T Plus 3 Years – Of Monkeys & Dinosaurs #1


Ah, September 15. To the day it’s been exactly three years since Paraworld shipped in Germany and a few other European markets; the UK/US version showed up ten days later. Well, what a journey that was.

An uphill battle. When I joined the company in 2005, SEK had just gone through what seemed a horrible crunch. It had ended a month or two earlier, but I still could sense the aftermath and the psychological toll it had taken on the team. The prospects weren’t looking too rosy either – there was next to nil international buzz since no publisher had signed for the North-American market at that point. There was no real hype in Germany either, but for entirely different reasons: Paraworld had been announced roughly two years earlier, and so far hardly anyone outside of the companies involved had played the game. Some people weren’t sure about whether there was a substantial concept behind the pretty screenshots or not, others expected it to be cancelled at any moment.

It was also apparent that the partnership of SEK and Sunflowers — the publisher of the game, who also held a stake in the company — was a clash of two corporate cultures. Sunflowers had a rather patriarchic setup; SEK had four founders ( = directors), and occasionally felt like something that could be described as creative anarchy. With all the upsides and downsides you could imagine.

The Secret of Ninja Monkey Island

I had once written a huge article about an expo trip for a previous employer, jokingly also mentioning the two or three things that initially didn’t work out quite do well. You know, standard show dilemmas such as PCs occasionally overheating thanks to them being placed in small glass boxes and the like. I then ‘learned’, that those two or three tiny bits which were part of a 2000 word article made the company look “completely unprofessional”. I fought for my work, but in the battle between professionalism and boring and soulless crap nobody wants to read, professionalism prevailed. Oh joy. Ultimately, the text never went online at that particular special interest magazine because I then ditched the article knowing it would be a disservice to both parties.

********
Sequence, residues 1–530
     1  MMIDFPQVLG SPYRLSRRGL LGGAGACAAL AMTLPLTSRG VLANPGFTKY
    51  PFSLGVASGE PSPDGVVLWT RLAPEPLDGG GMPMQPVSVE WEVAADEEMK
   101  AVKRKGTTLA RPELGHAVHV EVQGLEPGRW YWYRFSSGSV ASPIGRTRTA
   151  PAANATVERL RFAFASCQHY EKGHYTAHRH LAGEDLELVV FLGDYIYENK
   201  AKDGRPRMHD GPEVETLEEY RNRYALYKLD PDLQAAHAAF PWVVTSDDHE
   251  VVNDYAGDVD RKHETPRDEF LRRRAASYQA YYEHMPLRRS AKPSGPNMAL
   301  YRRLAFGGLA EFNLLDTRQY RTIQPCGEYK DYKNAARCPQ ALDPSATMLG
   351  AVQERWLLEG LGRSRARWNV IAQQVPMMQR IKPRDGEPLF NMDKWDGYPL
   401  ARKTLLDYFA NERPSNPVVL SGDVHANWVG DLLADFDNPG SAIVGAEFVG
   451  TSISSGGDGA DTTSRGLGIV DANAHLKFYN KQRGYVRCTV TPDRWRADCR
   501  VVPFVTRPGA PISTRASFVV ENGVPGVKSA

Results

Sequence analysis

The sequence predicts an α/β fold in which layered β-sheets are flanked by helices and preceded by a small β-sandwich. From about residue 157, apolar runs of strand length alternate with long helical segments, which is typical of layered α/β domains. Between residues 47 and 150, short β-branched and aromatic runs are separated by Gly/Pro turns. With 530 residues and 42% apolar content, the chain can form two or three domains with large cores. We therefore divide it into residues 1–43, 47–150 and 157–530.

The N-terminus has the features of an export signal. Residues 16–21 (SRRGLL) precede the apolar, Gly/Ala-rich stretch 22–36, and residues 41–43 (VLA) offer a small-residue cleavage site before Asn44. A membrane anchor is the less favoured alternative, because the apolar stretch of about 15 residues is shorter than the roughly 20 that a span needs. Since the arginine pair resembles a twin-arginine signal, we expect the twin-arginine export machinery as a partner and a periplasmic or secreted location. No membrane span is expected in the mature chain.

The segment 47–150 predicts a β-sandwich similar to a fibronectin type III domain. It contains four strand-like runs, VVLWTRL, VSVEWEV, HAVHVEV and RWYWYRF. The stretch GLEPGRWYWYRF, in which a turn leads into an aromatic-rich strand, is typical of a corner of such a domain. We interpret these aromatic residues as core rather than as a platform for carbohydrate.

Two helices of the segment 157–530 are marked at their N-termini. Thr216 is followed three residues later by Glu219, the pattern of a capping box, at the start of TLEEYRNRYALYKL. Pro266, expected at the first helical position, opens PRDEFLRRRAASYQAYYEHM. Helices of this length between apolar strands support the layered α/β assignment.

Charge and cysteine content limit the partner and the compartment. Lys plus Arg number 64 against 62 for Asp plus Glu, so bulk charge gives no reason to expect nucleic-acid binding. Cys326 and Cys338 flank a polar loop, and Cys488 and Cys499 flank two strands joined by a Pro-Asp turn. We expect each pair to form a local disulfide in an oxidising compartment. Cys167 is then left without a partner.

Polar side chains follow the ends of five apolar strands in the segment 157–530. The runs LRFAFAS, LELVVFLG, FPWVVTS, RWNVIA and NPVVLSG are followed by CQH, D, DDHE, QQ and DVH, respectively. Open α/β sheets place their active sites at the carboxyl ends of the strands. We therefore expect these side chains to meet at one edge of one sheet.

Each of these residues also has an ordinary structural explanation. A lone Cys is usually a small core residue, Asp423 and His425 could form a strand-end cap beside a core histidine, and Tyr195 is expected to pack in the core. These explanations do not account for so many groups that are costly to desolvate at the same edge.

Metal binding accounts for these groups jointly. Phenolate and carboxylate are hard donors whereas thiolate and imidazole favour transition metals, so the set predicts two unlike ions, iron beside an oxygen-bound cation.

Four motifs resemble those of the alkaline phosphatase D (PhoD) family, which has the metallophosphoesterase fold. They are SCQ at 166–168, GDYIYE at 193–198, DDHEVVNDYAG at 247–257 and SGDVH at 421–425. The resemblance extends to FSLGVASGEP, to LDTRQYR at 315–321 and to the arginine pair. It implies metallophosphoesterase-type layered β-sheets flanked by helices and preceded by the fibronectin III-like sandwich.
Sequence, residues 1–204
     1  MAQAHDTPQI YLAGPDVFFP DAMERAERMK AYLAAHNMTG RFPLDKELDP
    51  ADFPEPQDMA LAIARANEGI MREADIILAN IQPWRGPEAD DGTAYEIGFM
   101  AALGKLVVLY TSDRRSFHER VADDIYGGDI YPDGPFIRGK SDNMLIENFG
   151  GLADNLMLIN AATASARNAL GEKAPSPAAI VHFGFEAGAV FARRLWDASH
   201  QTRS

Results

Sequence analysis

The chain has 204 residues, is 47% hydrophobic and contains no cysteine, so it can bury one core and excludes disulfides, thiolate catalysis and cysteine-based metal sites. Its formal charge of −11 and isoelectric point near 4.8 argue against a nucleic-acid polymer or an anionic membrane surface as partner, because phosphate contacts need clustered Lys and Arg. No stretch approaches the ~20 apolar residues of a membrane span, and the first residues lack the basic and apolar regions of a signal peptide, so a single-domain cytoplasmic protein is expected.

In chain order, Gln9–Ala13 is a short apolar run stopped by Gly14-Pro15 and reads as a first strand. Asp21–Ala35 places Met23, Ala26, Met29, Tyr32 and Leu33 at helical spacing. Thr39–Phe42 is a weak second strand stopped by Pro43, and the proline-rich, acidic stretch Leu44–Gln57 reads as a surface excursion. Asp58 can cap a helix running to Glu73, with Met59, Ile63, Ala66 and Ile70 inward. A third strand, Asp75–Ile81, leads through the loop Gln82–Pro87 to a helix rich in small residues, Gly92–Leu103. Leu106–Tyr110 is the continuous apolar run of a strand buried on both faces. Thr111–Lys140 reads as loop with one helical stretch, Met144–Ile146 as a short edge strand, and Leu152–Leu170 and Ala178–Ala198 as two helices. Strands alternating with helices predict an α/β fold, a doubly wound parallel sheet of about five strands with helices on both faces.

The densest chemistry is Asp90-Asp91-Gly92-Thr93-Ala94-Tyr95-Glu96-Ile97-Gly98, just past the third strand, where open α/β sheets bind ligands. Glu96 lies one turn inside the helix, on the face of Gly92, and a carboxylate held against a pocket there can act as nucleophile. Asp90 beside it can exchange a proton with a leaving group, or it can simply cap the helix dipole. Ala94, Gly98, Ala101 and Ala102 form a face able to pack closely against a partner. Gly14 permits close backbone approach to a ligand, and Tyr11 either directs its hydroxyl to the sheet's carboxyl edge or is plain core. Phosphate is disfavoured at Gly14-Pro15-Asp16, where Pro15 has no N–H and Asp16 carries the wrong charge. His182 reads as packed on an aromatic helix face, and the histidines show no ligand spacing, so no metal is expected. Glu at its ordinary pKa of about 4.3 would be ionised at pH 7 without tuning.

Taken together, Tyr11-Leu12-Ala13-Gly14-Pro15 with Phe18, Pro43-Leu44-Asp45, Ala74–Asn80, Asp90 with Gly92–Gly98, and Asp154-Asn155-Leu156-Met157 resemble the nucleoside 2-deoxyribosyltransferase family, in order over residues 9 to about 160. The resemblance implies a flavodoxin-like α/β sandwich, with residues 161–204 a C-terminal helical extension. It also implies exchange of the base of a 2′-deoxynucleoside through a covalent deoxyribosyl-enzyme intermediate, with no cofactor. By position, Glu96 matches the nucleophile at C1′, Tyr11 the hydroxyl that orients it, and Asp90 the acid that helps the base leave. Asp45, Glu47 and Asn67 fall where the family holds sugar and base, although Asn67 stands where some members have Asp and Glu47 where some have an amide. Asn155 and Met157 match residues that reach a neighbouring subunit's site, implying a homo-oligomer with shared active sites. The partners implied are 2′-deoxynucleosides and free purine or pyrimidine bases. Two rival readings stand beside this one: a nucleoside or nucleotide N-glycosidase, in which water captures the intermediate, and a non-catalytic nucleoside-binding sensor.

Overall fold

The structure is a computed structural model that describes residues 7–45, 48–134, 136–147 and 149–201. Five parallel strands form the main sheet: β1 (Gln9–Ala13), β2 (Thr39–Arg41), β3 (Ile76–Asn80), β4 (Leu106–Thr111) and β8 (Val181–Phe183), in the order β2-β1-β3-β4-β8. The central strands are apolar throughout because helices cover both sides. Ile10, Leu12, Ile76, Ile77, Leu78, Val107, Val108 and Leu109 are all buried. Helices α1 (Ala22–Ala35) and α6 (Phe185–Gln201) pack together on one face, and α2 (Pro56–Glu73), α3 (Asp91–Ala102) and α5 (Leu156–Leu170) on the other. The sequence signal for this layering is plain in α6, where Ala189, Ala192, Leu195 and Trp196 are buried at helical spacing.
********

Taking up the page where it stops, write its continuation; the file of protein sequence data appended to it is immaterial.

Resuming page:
Soon after my arrival at SEK, I pitched the idea of us posting regular updates on our website. Mind you, that was mid of 2005, and it wasn’t quite ‘everyone and his dog has a blog‘ time yet, especially not in Germany. (Most German developers haven’t really embraced that concept to this day, actually. And half of those who try don’t realize yet that a blog is supposed to be more than a channel for you to solely pump your PR/marketing poop through.) I devised potential content, a few jarring jokes here and there, decorated with small tidbits on what is currently happening in the company. I even incorporated The Mysterious Legion of Ninja Monkeys, a concept I had once used at said previous employer to label information we weren’t ready to talk about yet.

A Mysterious Ninja Monkey

(A Ninja Monkey – as envisioned by Steffen)

To my utter surprise, the pitch was green-lit. Not only that — the weasel who just had arrived received the Go to publish updates pretty much without them having to get ‘proofread’ by management first. Clearly, they were batshit insane.

In the next part: Holy crap, it’s late, and I have no idea yet. (Nope, that’s the situation, not the title of the upcoming entry, you dorks.)

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  1. #1 by NIls on September 16, 2009 - 11:56 pm

    Interesting, please keep them coming

(will not be published)